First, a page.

Industrial Base Under Stress
Donley was asked if the defense budget will continue to be divided in thirds among the three main branches of the armed forces. He predicted change may be coming because "I think there is much more appreciation ... emerging for the value of those capabilities that enable global operations"—capabilities USAF uniquely provides.
The Air Force’s facility with global airlift, ISR, and long-range strike "are valued assets in the strategic environment that we’re likely to face," Donley observed. "I think there is a growing understanding of the benefits of airpower going forward."
However, he acknowledged that the Air Force’s industrial base is under severe stress.
"This is an important issue and it is getting more important as we consider the potential adjustments" to programs in the budget, Donley declared. Trying to simultaneously reduce spending, fight a hot war, and preserve the industrial base "hasn’t been tried before," he said. Supply chains will become "much more fragile" and contractors will lack the flexibility and "rapid surge capabilities that we used to enjoy 30 or 40 years ago. So we have to be much more careful" about how budget decisions affect the industrial base, he warned.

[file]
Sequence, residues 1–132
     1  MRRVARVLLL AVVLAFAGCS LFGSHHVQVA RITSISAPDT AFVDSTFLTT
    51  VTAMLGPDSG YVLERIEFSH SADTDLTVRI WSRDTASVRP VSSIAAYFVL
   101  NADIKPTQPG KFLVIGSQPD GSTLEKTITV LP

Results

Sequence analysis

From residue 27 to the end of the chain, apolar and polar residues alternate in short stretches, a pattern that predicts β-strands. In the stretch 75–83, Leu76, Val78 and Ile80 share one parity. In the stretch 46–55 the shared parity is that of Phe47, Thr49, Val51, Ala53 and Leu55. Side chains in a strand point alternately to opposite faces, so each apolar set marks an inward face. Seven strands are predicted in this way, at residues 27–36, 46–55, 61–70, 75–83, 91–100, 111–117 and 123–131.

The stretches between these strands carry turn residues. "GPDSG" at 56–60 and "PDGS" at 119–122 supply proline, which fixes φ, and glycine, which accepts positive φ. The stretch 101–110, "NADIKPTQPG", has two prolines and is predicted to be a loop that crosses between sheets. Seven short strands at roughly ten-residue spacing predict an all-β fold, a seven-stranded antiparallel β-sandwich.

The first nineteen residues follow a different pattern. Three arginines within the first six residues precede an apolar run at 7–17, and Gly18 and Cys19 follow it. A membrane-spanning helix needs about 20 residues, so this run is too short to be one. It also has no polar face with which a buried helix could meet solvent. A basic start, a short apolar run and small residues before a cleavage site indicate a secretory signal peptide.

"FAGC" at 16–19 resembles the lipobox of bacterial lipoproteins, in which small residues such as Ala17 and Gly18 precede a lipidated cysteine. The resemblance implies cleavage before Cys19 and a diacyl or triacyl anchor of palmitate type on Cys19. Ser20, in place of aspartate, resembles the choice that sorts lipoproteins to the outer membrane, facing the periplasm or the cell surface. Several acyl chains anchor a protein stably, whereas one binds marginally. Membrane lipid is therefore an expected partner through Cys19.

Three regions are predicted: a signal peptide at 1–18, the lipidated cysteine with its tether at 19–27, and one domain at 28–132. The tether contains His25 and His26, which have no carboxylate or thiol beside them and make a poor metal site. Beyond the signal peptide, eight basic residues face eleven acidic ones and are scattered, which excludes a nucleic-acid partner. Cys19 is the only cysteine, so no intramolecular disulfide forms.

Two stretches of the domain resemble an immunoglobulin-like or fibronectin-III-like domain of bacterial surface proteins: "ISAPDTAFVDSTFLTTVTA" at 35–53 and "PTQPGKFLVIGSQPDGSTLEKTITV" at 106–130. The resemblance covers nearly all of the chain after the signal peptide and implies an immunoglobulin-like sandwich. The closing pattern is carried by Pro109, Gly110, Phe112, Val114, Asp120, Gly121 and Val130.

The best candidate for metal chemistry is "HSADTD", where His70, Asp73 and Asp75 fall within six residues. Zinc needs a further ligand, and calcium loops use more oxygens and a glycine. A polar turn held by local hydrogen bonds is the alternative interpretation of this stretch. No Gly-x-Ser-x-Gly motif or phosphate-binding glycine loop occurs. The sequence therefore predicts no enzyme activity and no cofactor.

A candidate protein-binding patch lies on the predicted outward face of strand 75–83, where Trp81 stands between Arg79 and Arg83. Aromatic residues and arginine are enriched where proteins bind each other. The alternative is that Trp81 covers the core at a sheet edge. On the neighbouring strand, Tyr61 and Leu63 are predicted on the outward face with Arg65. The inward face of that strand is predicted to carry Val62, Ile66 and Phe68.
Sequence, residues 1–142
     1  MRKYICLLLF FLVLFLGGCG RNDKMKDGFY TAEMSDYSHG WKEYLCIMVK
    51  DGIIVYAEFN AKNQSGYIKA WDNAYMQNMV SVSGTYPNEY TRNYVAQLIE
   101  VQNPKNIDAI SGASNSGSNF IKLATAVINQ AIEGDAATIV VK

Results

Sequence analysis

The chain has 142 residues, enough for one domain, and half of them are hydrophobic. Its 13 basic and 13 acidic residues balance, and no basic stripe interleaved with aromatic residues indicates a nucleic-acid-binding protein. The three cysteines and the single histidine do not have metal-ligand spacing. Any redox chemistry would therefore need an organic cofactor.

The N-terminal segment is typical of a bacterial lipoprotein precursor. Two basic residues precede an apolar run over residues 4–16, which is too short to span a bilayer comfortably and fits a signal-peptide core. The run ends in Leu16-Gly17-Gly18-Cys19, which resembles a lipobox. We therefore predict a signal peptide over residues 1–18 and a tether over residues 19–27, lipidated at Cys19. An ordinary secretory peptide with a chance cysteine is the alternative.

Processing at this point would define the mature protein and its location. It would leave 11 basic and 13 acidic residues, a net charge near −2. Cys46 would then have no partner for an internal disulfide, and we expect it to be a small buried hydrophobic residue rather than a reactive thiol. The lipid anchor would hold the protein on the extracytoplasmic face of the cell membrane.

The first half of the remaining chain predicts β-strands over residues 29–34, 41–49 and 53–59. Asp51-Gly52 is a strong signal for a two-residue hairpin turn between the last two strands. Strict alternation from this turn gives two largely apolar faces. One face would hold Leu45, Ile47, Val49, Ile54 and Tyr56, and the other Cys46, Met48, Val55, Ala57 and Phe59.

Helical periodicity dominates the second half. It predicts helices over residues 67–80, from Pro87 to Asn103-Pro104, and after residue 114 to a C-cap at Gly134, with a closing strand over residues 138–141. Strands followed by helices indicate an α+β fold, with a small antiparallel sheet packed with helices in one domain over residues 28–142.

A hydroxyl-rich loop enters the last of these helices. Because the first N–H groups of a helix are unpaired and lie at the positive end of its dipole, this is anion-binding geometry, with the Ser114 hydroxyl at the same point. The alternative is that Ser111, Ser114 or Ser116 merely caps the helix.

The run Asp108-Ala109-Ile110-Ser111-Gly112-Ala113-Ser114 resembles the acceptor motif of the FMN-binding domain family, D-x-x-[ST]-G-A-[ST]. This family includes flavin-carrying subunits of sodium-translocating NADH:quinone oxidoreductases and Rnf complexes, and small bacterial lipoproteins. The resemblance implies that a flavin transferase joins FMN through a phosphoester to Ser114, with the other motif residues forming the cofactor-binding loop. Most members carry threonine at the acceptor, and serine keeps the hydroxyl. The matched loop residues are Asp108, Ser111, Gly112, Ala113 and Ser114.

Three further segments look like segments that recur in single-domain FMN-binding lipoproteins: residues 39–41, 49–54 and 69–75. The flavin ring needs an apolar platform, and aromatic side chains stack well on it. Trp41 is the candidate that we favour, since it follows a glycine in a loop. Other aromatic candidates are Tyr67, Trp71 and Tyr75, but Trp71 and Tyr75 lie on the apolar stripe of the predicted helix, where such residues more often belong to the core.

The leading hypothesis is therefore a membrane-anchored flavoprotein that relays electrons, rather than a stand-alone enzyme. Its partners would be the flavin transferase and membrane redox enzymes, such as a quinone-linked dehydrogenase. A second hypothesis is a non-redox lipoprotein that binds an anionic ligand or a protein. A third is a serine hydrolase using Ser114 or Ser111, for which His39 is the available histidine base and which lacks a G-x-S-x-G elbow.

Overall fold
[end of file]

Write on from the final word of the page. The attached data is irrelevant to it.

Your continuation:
Donley’s comments were forcefully seconded by Vice Chief of Staff Gen. Philip M. Breedlove. The Air Force is already woefully unable to surge production of munitions, Breedlove noted, and although there are—on paper—seven prime contractors that can make precision guided missiles and bombs for USAF, those seven companies depend on just three subcontractors for critical parts.
The situation "is our own doing," Breedlove continued, as USAF has pressured contractors to reduce capacity, use fewer workers, cut overhead, and trim costs wherever possible.
Crew chief Amn. Kyle Joyner gives a thumbs up to the crew of a B-2 at Whiteman AFB, Mo. Despite looming cuts to the defense budget, the Air Force needs to protect its most vital assets.
The munitions production capacity problem is only one symptom of the severe constraints that will be imposed on the military, and increased interdependence will be necessary because "we know there will be much more than $450 billion" in cuts to defense, he said.
The Air Force and Navy have been developing the AirSea Battle concept of operations to improve joint combat capabilities, eliminate mission and equipment gaps, and create efficiency by eliminating redundancy. He said the two services have been working on the concept for well over a year, but "by design," the collaboration will not produce a "glossy document" available to the general public. Rather, Breedlove said, the ASB concept is highly classified, because the services have had to fully reveal to one another their most closely held secrets.